How to treat an asthma emergency

If this is an emergency, please call 000 immediately.

What is an asthma emergency?

An asthma emergency is potentially life-threatening.

Most people who suffer asthma attacks are aware of their asthma and should have an action plan and medication. They may wear a medical alert device.

In an emergency, or if a patient does not have their own reliever, use another person’s reliever (if permitted under local state or territory regulations), or one from a first aid kit.

If the patient is having difficulty breathing but has not previously had an asthma attack, follow what to do.

This guide is regularly updated and aligns with the current edition of Australian First Aid (4th edition, 7/2011)

Signs and Symptoms

Mild to moderate asthma attack

  • Increasingly soft to loud wheeze
  • Persistent cough
  • Minor to obvious difficulty breathing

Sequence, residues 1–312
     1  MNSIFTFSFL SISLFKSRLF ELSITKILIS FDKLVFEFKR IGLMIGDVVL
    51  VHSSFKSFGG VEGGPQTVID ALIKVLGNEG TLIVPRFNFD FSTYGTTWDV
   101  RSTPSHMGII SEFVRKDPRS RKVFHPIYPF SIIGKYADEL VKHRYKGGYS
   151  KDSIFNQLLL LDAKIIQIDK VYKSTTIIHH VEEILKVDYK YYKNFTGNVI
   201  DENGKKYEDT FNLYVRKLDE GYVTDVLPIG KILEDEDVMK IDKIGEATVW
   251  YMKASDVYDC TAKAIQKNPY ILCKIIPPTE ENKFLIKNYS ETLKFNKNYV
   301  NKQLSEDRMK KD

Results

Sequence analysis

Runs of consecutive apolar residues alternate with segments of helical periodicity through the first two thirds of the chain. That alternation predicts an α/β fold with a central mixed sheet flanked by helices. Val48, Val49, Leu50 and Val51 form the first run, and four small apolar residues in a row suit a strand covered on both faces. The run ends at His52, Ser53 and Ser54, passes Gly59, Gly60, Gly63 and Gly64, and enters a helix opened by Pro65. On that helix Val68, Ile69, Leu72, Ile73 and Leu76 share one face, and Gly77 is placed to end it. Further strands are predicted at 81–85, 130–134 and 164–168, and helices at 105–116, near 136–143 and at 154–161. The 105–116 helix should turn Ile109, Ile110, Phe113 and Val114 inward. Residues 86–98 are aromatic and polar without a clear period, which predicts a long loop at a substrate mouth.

Asthma emergency

  • Symptoms get worse very quickly
  • Little or no relief from inhaler
  • Severe shortness of breath, focused only on breathing
  • Unable to speak normally
  • Pallor, sweating
  • Progressively more anxious, subdued or panicky
  • Blue lips, face, earlobes, fingernails
  • Loss of consciousness

What to do




Help the patient to sit down in a comfortable position.


Reassure and stay with the patient.


If requested, help the patient to follow their action plan.


How to give medication (4:4:4)

Give 4 separate puffs of blue/grey reliever puffer:

  • Shake the inhaler
  • Give 1 puff
  • Take 4 breaths
  • Repeat until 4 puffs have been given.

Wait 4 minutes.


If there is no improvement, give 4 more separate puffs of blue/grey reliever as above.


If the patient still cannot breath normally, call triple zero (000) for an ambulance.


Keep giving 4 puffs every 4 minutes (as above) until medical aid arrives.



Asthma emergency fact sheet

DRSABCD poster

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